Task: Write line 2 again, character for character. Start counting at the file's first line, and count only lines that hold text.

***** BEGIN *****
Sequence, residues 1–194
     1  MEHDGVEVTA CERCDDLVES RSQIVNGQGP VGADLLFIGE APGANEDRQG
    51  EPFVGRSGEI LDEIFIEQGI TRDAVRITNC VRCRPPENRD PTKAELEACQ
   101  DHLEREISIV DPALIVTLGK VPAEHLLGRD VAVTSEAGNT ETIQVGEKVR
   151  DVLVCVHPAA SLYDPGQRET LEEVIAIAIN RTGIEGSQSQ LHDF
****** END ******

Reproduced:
     1  MEHDGVEVTA CERCDDLVES RSQIVNGQGP VGADLLFIGE APGANEDRQG